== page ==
Before this all goes completely off-topic (the diabetes topic, that is), I thought I’d share my bicycle cycling experience on the two brevets I did this year. Complete with insulin types used and stupid mistakes made and everything. Might come in handy for someone else looking into it. Possibly. At least I’ll be a bad example.
Insulins: Lanthus basal, Novorapid bolus. ICT with one Lanthus injection in the evening.
The trip started on a fine Saturday morning. I reduced the basal injection the night before (around 9pm) to 75% of normal . The morning after I had to get up at stupid-o’clock to travel to the starting point. A large breakfast with loads of tasty carbohydrates was consumed – with slightly more Novorapid to cover for the lack of basal insulin. Morning blood glucose wasn’t too bad, actually, which surprised me with the reduced basal rate. After that: cycle to the train station, hop onto a train and check the blood glucose levels, approximately 1.5 hours after breakfast – a duigusting 220mg/dl (12.2mmol/l) was the result .
Commence heroic correction (yes, that was stupid)! Meet up with all the other strange people, who enjoy cycling until it hurts, for a common breakfast at the starting line. Another blood glucose test found 80mg/dl (4.4mmol/l). Which I considered a bit low, just before sports. The correction for the “low” consisted of three pieces of cake – without a bolus injection, which turned out to lead to a high blood glucose during the morning – which isn’t that surprising, in hindsight).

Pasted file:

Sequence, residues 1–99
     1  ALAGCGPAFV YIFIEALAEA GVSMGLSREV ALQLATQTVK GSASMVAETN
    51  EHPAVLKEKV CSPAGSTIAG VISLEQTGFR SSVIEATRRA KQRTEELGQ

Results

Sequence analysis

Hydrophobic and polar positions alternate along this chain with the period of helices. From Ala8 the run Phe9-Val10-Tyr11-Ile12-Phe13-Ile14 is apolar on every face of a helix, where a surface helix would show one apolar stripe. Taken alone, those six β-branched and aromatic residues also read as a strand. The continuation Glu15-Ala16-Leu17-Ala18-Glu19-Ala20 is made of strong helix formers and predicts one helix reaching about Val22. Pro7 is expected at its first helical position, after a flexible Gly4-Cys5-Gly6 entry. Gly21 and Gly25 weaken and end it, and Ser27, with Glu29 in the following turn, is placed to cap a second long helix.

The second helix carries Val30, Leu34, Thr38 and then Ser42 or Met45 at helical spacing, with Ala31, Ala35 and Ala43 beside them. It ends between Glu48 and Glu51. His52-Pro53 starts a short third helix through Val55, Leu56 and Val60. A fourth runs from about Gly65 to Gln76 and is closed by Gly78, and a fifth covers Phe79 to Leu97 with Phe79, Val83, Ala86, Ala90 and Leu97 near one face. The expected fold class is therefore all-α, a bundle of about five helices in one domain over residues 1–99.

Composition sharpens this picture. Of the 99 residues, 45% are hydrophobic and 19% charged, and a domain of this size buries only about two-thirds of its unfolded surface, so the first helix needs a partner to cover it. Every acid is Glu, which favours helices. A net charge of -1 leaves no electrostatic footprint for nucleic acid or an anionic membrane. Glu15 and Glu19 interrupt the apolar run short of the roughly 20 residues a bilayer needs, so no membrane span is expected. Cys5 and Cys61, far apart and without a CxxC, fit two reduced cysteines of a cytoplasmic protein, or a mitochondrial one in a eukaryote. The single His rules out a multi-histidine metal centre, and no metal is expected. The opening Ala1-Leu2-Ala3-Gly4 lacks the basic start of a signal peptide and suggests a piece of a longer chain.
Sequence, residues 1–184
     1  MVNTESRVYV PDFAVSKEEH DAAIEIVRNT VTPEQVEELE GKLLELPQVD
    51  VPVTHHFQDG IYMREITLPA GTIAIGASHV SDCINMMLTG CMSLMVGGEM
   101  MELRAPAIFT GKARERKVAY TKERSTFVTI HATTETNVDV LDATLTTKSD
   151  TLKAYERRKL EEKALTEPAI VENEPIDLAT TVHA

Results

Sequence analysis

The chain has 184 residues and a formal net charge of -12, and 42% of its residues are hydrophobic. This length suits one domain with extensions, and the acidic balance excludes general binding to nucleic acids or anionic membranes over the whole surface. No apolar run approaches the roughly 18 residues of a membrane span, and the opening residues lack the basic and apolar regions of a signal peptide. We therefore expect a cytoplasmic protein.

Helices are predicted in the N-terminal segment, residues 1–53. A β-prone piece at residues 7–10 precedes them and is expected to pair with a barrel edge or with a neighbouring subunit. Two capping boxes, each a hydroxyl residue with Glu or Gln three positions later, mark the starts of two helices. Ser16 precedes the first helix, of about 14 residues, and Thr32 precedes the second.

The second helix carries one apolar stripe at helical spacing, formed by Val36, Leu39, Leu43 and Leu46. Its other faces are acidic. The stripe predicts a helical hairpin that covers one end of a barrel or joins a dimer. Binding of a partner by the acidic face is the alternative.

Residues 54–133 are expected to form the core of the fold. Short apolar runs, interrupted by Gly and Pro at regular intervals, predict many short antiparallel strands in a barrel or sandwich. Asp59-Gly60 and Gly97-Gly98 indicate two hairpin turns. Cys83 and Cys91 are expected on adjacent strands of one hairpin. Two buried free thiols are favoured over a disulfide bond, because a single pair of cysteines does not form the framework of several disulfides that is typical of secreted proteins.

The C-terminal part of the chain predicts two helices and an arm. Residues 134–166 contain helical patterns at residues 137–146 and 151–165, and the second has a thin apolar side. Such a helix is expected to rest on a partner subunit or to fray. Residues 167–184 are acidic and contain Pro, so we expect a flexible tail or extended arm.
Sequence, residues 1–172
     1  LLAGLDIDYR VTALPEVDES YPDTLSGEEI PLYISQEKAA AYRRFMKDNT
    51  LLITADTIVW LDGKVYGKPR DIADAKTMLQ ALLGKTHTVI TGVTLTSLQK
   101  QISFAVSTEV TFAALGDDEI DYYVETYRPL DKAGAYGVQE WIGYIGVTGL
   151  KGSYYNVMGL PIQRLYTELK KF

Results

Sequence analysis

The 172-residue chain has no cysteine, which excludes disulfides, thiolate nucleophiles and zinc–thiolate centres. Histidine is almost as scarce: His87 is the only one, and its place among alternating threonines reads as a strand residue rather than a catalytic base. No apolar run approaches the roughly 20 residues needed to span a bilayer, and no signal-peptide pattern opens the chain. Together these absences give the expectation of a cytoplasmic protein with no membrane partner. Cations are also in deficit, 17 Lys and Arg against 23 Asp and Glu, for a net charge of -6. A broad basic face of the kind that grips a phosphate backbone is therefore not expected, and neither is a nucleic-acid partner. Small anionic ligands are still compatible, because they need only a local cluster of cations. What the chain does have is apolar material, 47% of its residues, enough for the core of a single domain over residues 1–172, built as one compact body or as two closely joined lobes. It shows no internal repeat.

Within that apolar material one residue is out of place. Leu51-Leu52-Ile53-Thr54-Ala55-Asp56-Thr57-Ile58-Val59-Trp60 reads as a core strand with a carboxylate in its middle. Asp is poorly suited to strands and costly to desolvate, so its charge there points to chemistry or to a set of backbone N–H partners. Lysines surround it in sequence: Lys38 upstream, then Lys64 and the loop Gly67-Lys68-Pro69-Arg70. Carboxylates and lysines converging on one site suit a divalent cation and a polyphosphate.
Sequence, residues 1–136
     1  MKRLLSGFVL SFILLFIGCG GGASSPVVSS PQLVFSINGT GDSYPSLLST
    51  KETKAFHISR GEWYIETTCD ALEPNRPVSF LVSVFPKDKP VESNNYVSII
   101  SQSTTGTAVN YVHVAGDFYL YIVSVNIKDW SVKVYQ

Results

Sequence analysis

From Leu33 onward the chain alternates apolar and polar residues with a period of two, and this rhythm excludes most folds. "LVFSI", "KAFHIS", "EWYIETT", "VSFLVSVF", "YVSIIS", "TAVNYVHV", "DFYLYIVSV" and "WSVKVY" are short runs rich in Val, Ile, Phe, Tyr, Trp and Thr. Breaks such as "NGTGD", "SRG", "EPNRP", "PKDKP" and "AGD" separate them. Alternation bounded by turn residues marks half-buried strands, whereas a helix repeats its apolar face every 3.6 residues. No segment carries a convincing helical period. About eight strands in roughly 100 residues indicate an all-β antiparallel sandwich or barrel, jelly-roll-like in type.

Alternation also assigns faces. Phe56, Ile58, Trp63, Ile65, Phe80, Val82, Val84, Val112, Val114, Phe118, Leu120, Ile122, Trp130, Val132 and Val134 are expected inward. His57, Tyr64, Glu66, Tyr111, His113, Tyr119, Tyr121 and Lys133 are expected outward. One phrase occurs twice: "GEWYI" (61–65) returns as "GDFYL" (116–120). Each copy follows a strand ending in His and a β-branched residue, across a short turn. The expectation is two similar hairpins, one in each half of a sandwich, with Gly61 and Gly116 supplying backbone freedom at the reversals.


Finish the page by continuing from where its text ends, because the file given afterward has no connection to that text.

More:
Start of the actual event was at 9.15h in a large group of cyclist in front of a backdrop of black clouds, sunshine and a strong tailwind. Up to the first control (places to stop and get a stamp at – to prove you went the right way) I then had to keep correcting my way too high blood glucose (I used Novorapid at 1 I.E. per 50mg/dl(2.8mmol/l) reduction – which is identical to what I use outside of sports ). I attempted to test my blood glucose on the bike with the Accucheck Mobile taped to my top tube – which didn’t work. At all. The lancet device requires two hands. We did, however, stop occasionally allowing me to test. For the record: The highest blood glucose tested during the beginning of the event was 500mg/dl (27.8mmol/l) .
After roughly 75km (46 miles) my blood glucose had dropped to 120mg/dl (6.7mmol/l) and no further corrections were necessary. The speed at which we were travelling was set to about 24km/h (14 miles/h) – brevets are not a race, more of a friendly cycletour – so I felt quite happy at this blood sugar levels.
At that time, I fell back to my normal feeding plan for cycling. Which is not ideal for weight loss, but I’m all for the “can’t have everything” motto. Approximately every 45 minutes I consumed 40g of carbohydrates in ;